with the UNHCR to help resettle those persons in Cambodia
who have opted for resettlement to a third country. We are
grateful that Hanoi-based UNHCR Officer in Charge Vu Anh Son
was recently allowed to visit some of those who had opted to
return to Vietnam. It is important to have an international
UNHCR presence in Vietnam as a way of strengthening the
credibility of reporting on the condition of the returnees,
A/S Dewey stressed. The GVN officials responded that they
are ready to facilitate the return of all those who want to
come back to Vietnam. The GVN is prepared to consider more
and regular visits by UNHCR to the Central Highlands.
Regional UNHCR representative, Hasim Utkan, has a multiple
entry visa and can visit Vietnam at any time. Regarding the
issue of an expatriate UNHCR representative in Hanoi and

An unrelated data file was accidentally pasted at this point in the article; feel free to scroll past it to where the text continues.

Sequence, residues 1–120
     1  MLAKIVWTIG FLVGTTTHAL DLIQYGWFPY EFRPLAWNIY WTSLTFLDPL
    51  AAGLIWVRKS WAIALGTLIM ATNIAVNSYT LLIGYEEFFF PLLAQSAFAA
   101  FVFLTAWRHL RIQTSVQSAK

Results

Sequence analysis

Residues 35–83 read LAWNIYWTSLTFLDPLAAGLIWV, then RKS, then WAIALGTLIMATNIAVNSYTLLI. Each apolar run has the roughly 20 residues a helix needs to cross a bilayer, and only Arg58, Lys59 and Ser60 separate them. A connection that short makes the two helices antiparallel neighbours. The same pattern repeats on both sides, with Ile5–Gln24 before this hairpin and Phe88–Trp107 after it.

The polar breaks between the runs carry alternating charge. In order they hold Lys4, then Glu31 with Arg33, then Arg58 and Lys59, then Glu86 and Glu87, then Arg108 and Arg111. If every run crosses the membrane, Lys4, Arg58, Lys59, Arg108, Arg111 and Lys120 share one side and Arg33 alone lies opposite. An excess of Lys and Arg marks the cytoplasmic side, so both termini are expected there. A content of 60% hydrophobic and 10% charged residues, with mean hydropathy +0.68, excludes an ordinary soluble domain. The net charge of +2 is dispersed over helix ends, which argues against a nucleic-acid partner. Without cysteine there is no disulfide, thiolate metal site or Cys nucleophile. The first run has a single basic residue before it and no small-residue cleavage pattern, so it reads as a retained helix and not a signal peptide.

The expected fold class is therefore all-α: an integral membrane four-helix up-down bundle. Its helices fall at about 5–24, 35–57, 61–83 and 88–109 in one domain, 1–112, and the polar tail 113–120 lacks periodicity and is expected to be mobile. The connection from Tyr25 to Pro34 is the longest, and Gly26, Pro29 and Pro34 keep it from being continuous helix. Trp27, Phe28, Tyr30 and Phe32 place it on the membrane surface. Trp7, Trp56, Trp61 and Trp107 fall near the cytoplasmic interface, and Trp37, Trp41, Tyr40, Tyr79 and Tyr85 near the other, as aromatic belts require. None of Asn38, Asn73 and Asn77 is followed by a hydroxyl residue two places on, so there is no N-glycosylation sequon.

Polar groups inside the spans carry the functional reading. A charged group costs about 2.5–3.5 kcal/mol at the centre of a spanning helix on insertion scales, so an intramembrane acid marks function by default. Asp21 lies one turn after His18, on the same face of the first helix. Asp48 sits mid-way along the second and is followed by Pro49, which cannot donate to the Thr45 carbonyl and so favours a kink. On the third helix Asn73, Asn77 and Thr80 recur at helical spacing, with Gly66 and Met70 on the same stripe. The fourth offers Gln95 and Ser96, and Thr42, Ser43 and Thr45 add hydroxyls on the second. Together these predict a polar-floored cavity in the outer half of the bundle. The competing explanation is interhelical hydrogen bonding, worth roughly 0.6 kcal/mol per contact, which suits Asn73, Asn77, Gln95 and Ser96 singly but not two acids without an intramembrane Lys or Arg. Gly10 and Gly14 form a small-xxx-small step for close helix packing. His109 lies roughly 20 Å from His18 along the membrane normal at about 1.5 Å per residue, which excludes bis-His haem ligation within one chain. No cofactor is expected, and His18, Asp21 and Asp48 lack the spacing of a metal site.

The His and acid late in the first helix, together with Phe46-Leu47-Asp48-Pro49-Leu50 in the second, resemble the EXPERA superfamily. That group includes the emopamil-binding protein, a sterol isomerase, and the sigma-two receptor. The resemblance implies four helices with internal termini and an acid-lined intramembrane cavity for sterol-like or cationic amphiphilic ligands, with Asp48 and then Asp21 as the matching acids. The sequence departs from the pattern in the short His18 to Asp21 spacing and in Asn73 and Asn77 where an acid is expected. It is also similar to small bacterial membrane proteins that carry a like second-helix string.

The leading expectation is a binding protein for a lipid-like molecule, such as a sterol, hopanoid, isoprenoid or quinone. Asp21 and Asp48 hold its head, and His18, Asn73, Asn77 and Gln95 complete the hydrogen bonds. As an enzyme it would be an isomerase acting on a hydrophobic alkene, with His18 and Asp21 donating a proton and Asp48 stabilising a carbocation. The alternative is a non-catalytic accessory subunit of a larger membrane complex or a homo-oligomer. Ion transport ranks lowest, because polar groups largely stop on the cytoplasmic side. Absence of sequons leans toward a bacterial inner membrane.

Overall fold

international presence on trips to the Central Highlands,
the GVN would take these requests into consideration.
(Note: At dinner that evening, Vu Anh Son said he had been
told by GVN officials that an expatriate UNHCR person would
be permitted to accompany him on a future trip "when the
timing was right." Mr. Son interpreted this to mean that
they wanted him to take one or two more monitoring trips
himself to build confidence, and then they would permit an
expatriate to accompany him. End note.)

5. (SBU) A/S Dewey urged the GVN to consider specific ways
in which the international community could work with Vietnam
to improve conditions for ethnic minority residents in the
Central Highlands. As a possible way to attract additional
development assistance, he noted the recent work of the